The month of January plays host to a handful of festivals in various places in the Philippines. One of these celebrations is the Ati-atihan Festival in Kalibo, Aklan.
Kalibo, the capital of Aklan Province in the island of Panay celebrates Ati-atihan every 3rd week of January. Often a one week continuous celebration around the plaza and in front of the Kalibo cathedral, Ati-atihan is one of the most popular festivals in the country. Kalibo derives its name from the phrase “sangka libo” (one thousand) probably because about a thousand Ati people attended the first Catholic mass in that area.
My first Ati-atihan experience was in 2009.
Ati-atihan is celebrated in the streets of Kalibo through dance and drumbeats. Said to be the mother of all Philippine Festivals, people gather at the main plaza of Kalibo and the adjacent blocks to dance with the beat. Several groups of dancers, wearing the Ati costume (some fancy and outrageous), walk around the town plaza, engaging people to dance with their beat.
Ati-atihan itself started as a pagan event. One the earliest people to inhabit the Philippines was the Ati. They are dark-skinned, kinky-haired people who settled in the area years before the Malays from Borneo arrived on the shores during the 13th century. The Ati people offered these migrants some land as welcome gesture. To celebrate this gesture, the Malays painted themselves black.
Thus, the gesture became known as Ati-atihan (to look like an Ati). This gesture was carried on for centuries as a pagan activity up until the Spaniards came and transformed the event by infusing Catholic meaning to honor the Holy Child Jesus.
It is said that the Ati-atihan is a unique blend of pagan and religious elements celebrated through rhythmic drum beats, chants, prayers, tribal dance and Ati costumes.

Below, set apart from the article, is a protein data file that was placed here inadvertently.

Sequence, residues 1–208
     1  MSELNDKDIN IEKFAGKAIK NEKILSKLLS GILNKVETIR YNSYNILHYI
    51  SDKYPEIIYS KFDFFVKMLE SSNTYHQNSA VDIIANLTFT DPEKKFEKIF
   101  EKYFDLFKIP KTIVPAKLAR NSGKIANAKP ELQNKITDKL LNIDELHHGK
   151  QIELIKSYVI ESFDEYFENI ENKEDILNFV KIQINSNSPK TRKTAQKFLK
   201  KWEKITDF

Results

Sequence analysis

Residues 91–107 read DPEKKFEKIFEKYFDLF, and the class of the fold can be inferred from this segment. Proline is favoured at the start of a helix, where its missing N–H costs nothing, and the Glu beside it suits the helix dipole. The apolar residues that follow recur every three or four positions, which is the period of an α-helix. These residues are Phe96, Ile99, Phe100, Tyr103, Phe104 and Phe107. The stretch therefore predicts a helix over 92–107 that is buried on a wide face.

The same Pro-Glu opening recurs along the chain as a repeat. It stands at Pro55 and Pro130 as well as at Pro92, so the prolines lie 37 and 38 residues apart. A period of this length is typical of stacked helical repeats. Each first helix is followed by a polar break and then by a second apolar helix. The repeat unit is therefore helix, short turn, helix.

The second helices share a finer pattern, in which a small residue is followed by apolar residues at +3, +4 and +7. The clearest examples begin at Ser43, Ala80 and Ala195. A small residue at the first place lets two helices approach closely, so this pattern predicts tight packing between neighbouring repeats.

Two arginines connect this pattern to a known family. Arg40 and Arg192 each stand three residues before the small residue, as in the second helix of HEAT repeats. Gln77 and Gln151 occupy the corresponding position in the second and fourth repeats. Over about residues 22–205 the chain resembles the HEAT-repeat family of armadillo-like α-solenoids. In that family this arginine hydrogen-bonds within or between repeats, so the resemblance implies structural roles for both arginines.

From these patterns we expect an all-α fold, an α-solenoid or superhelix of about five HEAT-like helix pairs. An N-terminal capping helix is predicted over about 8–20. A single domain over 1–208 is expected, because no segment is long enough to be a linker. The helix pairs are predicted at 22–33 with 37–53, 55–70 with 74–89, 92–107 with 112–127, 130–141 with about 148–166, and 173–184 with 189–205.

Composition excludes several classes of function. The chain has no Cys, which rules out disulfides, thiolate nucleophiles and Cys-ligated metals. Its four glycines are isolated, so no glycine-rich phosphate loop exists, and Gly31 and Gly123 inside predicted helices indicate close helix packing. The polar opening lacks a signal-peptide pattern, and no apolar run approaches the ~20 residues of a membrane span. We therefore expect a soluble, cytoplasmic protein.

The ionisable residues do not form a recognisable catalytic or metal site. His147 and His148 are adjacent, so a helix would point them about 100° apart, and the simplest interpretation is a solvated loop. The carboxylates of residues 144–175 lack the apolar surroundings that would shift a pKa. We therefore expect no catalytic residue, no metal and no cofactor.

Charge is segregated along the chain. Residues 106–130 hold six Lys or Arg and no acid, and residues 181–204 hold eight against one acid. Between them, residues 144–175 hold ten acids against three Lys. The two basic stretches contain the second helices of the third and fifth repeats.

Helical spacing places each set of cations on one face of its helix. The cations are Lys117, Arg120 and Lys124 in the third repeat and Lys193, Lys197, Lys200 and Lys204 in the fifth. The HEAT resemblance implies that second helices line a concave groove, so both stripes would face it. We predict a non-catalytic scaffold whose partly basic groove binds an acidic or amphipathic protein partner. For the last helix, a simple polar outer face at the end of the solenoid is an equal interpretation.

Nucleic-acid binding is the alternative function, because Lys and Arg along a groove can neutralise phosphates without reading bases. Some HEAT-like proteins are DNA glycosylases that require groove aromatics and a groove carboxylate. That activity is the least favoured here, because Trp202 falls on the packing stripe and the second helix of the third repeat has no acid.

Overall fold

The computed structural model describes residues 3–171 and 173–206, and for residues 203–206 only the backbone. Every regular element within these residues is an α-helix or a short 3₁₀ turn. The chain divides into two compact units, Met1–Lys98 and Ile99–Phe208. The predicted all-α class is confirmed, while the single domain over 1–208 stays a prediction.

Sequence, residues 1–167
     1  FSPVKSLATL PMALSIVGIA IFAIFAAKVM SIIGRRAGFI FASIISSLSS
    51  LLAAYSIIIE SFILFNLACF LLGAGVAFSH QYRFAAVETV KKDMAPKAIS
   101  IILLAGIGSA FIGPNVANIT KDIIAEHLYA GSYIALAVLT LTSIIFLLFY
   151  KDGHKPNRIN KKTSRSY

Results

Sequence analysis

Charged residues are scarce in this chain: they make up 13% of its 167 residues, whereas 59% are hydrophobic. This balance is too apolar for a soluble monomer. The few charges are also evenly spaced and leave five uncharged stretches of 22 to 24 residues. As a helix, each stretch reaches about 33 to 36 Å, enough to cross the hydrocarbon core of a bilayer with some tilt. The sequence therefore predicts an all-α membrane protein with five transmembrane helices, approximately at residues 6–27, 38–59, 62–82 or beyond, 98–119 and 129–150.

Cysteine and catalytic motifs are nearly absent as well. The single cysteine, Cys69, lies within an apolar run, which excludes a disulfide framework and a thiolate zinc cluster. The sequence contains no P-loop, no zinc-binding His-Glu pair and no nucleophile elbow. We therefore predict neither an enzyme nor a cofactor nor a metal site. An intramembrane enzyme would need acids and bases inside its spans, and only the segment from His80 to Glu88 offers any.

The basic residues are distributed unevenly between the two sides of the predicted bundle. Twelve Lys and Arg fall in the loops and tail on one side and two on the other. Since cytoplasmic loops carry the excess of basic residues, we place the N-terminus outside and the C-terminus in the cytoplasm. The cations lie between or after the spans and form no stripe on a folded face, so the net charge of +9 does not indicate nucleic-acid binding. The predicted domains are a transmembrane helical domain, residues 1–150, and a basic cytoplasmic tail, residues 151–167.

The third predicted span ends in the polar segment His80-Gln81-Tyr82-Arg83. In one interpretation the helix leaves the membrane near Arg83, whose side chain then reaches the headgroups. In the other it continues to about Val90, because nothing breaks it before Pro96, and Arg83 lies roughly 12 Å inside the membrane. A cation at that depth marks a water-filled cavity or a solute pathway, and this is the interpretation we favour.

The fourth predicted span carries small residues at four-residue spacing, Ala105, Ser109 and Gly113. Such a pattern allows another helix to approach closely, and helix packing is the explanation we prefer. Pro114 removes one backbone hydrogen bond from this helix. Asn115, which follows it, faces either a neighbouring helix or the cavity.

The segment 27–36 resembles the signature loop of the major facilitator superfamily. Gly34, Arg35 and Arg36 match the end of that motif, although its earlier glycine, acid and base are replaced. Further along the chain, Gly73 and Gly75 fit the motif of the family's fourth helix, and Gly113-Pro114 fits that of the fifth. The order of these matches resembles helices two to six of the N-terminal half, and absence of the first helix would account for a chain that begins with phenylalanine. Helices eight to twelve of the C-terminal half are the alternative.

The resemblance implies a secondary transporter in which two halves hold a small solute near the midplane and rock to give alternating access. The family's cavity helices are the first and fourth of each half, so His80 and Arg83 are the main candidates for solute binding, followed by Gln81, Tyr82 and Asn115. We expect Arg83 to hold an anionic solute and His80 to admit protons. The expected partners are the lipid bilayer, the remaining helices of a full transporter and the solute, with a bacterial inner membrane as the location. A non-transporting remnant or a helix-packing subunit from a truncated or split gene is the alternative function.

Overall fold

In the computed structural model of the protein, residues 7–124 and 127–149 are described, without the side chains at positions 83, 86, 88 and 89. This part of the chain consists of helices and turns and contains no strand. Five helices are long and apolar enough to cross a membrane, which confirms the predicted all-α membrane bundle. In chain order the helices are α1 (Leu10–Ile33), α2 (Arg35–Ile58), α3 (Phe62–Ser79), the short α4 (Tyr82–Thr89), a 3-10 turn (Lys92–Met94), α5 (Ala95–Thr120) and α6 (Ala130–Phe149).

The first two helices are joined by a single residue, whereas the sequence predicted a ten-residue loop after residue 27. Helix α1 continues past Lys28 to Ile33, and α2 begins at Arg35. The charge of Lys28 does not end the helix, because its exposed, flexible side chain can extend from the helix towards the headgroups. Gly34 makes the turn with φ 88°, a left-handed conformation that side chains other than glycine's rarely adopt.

The Ati-atihan is different from other festivities honouring the Sto. Niño. While some celebrations limit the people to watch the parade at the sides, Ati-atihan is more interactive and engaging. Everyone can get on the street to dance along with the costumed participants.
It is a mix of animism and religious expression of faith. Some people are dressed in tribal costumes or had their skins covered in black while others brought along their Sto. Niño icons and danced to the beat of the drum. The participating barangays or tribes usually form 3 lines to cover the space on the streets. One can hear chants of “Hala Bira” between drumbeats. ‘Hala Bira! Pwera Pasma!’ is an Aklanon phrase which means ‘pour or dispense all means’. They often pull people from the sidewalks into their group and fill the spaces in between and dance to their music.
The culminating parade falls on the second Sunday of January is actually a long religious procession of different images of the Holy Child in carozas adorned with flowers and light. Everything happens in front of the Kalibo Cathedral. Each caroza has its own playing band and a performing contingent clad in colourful costumes and covered in soot black. There were silent chants of prayers. The chants are drowned by the rhythmic sound of the drums.